Back to Basics; Neighborhood Watch
neighborhood should have one, and ideally, every block a Block Captain
of the most grassroots and fundamental ways residents can assist
local law enforcement in improving public safety is by the establishment
of a neighborhood watch. And it's probably the most cost effective
crime prevention system there is.
This is especially important in Los Angeles, where the budget
is strained and so few sworn officers are charged with covering
such a vast area.
The Sheriff's Department has had to eliminate many of its community
policing programs because of the County Board of Supervisors'
at LAPD we're lucky.
With the Mayor's leadership, our City Council, Police Commission
and Department have all taken steps to ensure that the Senior Lead
Officer (SLO) program is back on it's feet. LAPD's Senior Lead Officers
are now deployed full time across the City, and each of the them
has office space, a dedicated cell phone and answering services.
The SLOs are charged with supervising a geographically small Basic
Car Area within a specific Division, often comprised of several
neighborhoods, and are the principal liaison with the "typical"
resident in a local community.
Over the last several years, some neighborhood watch groups lacking
this liaison disbanded, while others managed to hang in there. But
very few new groups were established.
Now that the SLOs have have the equipment, time and resources they
need, we should be re-dedicating ourselves to helping them firm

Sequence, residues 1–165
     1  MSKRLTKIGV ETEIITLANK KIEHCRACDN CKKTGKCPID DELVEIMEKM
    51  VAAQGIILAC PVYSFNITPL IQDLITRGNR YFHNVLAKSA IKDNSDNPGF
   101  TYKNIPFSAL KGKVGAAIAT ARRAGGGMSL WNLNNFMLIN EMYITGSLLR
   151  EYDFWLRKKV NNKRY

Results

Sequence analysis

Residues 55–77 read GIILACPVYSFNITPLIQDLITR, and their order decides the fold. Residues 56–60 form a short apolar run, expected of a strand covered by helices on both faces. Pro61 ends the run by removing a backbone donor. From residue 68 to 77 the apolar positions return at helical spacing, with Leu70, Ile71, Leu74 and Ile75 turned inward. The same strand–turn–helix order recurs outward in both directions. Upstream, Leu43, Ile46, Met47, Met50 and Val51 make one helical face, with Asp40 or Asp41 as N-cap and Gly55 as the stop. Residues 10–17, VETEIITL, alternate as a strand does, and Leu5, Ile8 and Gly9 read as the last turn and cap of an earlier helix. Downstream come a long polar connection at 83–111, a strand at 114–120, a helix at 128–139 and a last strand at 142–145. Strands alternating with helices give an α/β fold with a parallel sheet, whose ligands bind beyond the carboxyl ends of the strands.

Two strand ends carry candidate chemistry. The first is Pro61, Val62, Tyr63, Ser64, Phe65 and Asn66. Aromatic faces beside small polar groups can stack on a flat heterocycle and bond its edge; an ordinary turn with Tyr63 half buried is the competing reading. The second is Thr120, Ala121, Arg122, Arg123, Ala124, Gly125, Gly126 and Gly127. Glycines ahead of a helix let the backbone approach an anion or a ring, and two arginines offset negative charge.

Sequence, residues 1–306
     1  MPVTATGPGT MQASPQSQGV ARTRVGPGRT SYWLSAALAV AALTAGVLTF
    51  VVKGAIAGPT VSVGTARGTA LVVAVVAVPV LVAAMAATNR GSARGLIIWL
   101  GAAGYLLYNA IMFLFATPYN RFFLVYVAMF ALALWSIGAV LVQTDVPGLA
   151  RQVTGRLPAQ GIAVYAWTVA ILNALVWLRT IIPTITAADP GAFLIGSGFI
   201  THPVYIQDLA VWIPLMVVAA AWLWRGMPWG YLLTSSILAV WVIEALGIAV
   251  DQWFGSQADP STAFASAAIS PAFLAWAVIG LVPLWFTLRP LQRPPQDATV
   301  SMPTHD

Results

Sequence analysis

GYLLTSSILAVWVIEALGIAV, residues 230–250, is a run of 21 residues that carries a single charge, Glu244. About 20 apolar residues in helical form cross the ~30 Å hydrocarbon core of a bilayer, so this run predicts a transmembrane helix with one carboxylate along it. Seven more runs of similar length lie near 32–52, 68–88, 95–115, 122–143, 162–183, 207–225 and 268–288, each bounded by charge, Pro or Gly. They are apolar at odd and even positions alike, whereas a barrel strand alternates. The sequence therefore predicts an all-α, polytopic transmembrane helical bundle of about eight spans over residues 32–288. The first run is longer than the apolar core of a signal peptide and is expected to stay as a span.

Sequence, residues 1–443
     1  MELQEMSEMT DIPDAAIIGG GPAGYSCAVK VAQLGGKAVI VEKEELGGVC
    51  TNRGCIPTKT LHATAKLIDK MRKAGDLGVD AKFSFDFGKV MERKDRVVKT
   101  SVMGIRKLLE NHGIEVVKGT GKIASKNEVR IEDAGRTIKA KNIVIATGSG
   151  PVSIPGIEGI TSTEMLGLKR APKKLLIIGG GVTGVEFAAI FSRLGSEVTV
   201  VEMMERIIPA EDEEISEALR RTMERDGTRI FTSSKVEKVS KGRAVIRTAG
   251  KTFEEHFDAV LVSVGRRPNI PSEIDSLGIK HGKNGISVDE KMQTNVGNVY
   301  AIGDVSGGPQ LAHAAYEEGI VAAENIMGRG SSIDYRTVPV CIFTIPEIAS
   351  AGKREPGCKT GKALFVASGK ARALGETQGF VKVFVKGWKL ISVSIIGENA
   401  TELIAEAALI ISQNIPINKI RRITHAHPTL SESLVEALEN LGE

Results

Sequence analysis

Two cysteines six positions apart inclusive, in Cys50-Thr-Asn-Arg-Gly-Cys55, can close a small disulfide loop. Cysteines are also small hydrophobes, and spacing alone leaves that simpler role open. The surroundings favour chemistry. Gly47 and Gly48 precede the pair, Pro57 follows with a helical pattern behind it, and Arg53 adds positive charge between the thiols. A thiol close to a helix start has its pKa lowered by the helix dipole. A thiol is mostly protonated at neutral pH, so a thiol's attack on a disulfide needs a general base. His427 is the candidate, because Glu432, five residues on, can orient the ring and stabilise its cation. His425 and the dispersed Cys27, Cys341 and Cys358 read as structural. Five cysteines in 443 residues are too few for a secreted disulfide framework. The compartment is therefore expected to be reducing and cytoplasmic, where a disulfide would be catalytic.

up existing groups, and bring new Neighborhood Watch and Block Captain
programs to the communities.
... Senior Lead Officer
Lead Officer program
is vital to community policing, because the SLO is often the main
liaison for problem solving between the Department and the resident.
There are 168 SLOs across the City. Each of the 18 LAPD Divisions
is subdivided into several Basic Car Areas, and your SLO supervises
your neighborhood's Basic Car, and the officers who are assigned
You'll want to find out from the LAPD Division that serves your
area the name of your Senior Lead Officer and keep his or her cell
phone number handy.
Then give him or her an introductory call.
NOTE: Each of LAPD's 18 community police stations has a Community
Relations Office. The officers there will be happy to
help you determine the phone number for your SLO.
Senior Lead Officers are the pivotal element in the LAPD's
effort to prevent and deter local crime. SLOs provide the vital
link for local problem solving, public safety, and quality of life
Among other things Senior Lead Officers are responsible for:
Monitoring crime trends in their Basic Car Areas - since each
Division has several of these, the SLO supervises a relatively
small geographic region
Working with the Community-Police Advisory Board (C-PAB) and
residents to develop goals to be accomplished through the efforts
of all officers assigned to the Basic Car
Acting as liaisons with the Division's detectives in order to
keep them informed of crime trends and special problems within
the Basic Car Area
interaction between the police and the local resident is essential
enhancing the quality of life and deter crime within the neighborhoods.
Senior Lead Officers take the lead in establishing
and maintaining local community policing partnerships.
Lead Officers regularly attend Neighborhood Watch meetings, and are
happy to coordinate setting up new ones.
They are eager to serve the community.